At first, the half-empty bottle of Smirnoff seems like a visual non sequitur, alone on the counter of a homey little kitchen. But its presence there at ten a.m. on a workday is the first sign of the life-and-death struggle underway in a sunny West Philadelphia home, as portrayed in Colman Domingo's 2016 domestic drama, Dot.
The particulars fill in shortly. Rasool Jahan launches into her intrepid performance as Shelly, a young lawyer, single mother, and certified control freak caught in a situation she cannot control. Her mother Dotty's Alzheimer's disease is progressing, implacably stealing her memories, language, and personality. As the self-designated "responsible" daughter, Shelly is convinced she's the only one who can take care of her. With two days left until Christmas and Dotty (a sterling Kathryn Hunter-Williams) even dottier than usual, dropping N-bombs while trying to cadge some weed from a former neighbor, the watermelon vodka is a last-minute addition to Shelly's failing coping mechanisms. Clearly, something has to give.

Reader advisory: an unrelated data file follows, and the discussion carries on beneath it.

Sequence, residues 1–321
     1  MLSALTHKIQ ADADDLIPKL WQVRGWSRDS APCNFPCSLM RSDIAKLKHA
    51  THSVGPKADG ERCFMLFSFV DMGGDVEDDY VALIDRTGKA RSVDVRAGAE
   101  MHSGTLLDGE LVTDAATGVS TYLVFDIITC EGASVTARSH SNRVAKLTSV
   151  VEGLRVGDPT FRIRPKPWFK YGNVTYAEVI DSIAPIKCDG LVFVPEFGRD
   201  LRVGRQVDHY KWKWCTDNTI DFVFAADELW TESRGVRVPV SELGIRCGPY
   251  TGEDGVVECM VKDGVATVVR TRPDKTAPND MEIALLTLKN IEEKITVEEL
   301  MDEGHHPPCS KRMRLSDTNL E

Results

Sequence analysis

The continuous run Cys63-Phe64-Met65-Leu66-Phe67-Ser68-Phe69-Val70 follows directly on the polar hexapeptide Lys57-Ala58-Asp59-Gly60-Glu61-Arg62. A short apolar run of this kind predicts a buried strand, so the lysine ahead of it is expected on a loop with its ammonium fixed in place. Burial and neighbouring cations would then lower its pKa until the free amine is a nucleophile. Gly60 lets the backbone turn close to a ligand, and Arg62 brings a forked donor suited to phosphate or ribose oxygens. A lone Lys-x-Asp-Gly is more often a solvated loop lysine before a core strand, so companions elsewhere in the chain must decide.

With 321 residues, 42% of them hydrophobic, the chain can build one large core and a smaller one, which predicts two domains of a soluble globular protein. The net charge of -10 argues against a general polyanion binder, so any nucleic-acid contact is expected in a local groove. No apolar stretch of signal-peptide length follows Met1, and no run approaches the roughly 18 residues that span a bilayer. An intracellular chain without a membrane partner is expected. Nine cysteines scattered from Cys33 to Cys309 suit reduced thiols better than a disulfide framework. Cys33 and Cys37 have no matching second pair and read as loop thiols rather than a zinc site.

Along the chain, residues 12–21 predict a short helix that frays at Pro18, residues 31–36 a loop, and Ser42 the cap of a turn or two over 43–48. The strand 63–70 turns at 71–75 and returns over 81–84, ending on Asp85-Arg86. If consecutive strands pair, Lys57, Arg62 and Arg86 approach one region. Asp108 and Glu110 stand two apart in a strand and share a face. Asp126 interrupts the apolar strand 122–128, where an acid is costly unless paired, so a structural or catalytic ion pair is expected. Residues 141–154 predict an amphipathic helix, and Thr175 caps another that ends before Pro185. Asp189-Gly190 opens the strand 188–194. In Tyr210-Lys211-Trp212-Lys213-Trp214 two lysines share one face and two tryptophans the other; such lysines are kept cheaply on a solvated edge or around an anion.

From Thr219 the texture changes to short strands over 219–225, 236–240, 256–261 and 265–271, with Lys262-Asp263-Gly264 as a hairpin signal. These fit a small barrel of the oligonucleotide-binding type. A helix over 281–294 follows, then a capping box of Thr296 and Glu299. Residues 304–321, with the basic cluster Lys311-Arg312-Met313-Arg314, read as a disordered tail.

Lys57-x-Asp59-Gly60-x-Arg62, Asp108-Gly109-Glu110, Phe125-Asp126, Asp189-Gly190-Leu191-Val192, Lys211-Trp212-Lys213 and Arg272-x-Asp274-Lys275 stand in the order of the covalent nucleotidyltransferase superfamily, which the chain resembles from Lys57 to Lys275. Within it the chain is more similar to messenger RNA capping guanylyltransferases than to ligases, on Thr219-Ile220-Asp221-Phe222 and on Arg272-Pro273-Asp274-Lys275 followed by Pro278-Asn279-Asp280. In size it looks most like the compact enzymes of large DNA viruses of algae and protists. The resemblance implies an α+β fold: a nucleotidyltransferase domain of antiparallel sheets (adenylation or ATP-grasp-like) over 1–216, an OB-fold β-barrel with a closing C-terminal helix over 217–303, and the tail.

Though it hardly sounds comic, director Nicole Watson deftly mines a candid brand of gallows humor, which helps Shelly stay afloat amid the chaos. That dark wit and candor animates the strained relationship between Donnie (an urbane Samuel Ray Gates) and his husband, Adam (Adam Poole), who are visiting from New York, before wild child Averie (a hyper Shanelle Nicole Leonard) punctuates the proceedings.
All parties are assembling their resources against reversals yet to come. Memories manifest in collected photographs, tape recordings, and mistaken identities, as Dotty briefly believes Adam is her husband. As estranged siblings and lovers reconcile and family bonds reform and solidify, this bittersweet holiday tale reminds us that some losses are reversible, and that enough of the past can be protected to fund an uncertain future.